I had done well but that was because of dollops of luck. I was ignoring the contribution of luck to my success. It was a big mistake. I was a victim of the illusion of skill. I started meeting other investors. It helped me totally shed my arrogance. It made me realise that knowledge makes a person humble. It was a lesson for life. After 1.5 months of staying at home and dedicating myself to investing I was naive enough to apply for jobs at asset management companies. I was dedicated to investing and started sending employment requests to mutual funds, portfolio management services, etc.
Thanks to my naivety I was expecting a quick appointment letter. To my displeasure and per my parents’ predictions I received a total of ZERO responses. Not even for an internship. To say I was shocked would be an understatement. That was a gut wrenching moment for me. Within a week I was feeling better. But then, I reduced my frequency of reading investment, security analysis books. And, started focusing on philosophy and psychology. And, to my utter surprise I was enjoying reading it. My addiction to tracking stock prices every 4-5 minutes waned. I had developed an interest to learn more about the wisdom of people from thousands of years ago.
It’s pertinent to note that I had never been a reader until this period of 3 months. I realised that I had an interest in studying investing and being an investor. But, I had overestimated my ability to make a living out of it. I realised that I was a victim of affective forecasting. And, it mellowed me and made me humble.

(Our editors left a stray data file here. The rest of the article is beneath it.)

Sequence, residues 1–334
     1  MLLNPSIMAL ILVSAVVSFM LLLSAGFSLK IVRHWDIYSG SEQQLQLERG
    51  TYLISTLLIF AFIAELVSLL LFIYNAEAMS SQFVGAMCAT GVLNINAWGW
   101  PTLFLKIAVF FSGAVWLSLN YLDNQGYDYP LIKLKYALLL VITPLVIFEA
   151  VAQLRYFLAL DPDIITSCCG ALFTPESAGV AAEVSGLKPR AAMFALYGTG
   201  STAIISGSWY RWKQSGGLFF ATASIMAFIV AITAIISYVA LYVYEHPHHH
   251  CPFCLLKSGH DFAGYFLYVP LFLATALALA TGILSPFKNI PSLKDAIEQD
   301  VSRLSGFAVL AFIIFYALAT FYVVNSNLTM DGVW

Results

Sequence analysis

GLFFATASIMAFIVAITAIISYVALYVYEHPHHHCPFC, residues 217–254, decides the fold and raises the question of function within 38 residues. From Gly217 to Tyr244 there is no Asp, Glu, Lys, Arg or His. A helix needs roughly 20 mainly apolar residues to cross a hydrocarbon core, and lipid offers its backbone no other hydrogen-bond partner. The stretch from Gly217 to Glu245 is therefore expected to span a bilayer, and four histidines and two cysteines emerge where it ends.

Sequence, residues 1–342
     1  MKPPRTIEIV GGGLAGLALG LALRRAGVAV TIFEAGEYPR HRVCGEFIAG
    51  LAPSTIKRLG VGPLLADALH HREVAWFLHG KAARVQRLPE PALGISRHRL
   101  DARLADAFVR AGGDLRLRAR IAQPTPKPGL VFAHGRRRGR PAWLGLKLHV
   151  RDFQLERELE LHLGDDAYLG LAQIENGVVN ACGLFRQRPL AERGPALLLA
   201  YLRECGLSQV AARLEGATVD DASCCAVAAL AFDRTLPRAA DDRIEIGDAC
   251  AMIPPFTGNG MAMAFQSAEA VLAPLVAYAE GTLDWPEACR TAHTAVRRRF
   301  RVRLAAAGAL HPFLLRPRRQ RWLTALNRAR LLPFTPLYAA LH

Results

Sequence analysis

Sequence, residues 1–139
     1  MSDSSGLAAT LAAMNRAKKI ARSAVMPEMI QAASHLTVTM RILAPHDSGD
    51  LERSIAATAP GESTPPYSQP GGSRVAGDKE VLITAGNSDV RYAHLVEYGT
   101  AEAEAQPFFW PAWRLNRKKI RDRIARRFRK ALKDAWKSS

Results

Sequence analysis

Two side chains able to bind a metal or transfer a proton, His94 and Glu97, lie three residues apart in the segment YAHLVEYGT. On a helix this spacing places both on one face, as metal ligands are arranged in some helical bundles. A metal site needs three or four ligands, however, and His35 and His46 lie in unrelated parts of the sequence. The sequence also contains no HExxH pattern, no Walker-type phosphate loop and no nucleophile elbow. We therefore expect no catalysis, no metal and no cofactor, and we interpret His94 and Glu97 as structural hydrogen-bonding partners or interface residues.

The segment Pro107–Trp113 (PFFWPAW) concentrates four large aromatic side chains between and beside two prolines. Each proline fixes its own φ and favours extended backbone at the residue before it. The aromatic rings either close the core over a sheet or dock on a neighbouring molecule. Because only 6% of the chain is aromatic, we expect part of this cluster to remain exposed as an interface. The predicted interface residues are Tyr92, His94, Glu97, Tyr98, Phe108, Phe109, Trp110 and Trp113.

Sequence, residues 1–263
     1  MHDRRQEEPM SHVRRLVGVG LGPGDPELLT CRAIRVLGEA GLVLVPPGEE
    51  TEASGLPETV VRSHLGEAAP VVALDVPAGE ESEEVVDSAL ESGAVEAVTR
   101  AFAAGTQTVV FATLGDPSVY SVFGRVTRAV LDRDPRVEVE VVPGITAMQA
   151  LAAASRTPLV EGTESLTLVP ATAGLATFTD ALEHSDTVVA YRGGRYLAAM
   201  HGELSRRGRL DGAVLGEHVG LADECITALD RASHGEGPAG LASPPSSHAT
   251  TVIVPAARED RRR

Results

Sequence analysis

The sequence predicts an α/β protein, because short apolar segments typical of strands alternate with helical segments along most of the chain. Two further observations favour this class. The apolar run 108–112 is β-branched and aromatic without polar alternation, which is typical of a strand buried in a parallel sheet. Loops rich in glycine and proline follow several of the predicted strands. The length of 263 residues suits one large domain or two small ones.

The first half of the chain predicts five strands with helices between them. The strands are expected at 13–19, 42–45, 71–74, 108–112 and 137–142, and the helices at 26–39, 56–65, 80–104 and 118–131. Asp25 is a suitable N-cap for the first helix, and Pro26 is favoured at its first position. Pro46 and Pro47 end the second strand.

The 3 months last year were in a lot of ways enlightening.

  1. Developed a liking for reading.
  2. Realised that it’s important to continue to learn. Always.
  3. Understood that there are investors a lot, lot better than me.
  4. Tempered my tendency to be overly optimistic.
  5. Started making realistic goals.
  6. Understood that my ideas, understanding can be totally wrong and should always be willing to understand another’s perspective.
  7. Learned that even the smallest things can give happiness.
  8. By investing full time I was doing my portfolio more harm than good. I was making my broker richer by transacting excessively.
  9. Became more patient.
  10. Accelerated my efforts to learn to do what I enjoy doing.
  11. Everything is transient
    What I like today may not necessarily be my liking just a year later.
  12. Developed an interest in spirituality.
  13. Finally, I learned that in the larger scheme of things I’m a nobody. Behaviorally advanced beings have existed for thousands of years. They’ve lived and died. Even the greatest will be forgotten.
  14. Started writing to improve my communication skills.
  15. Understood the transient nature of most things in life.
  16. Realised that paying too much atttention to what others think is detrimental to my interest.
    When I finally resumed my routine life I realised that I actually enjoyed this 3 month duration. I missed it. But, that’s life. Change is the only constant.

(Yatharth) #360

Good. What are you doing now? Job in which sector?

(shreys) #361

@Yatharth Sir,
I resumed my academics post the 3 month break. Even after my hiatus I tried multiple times to get an internship at firms involved in investing and allied activities. But, I failed again to secure an internship.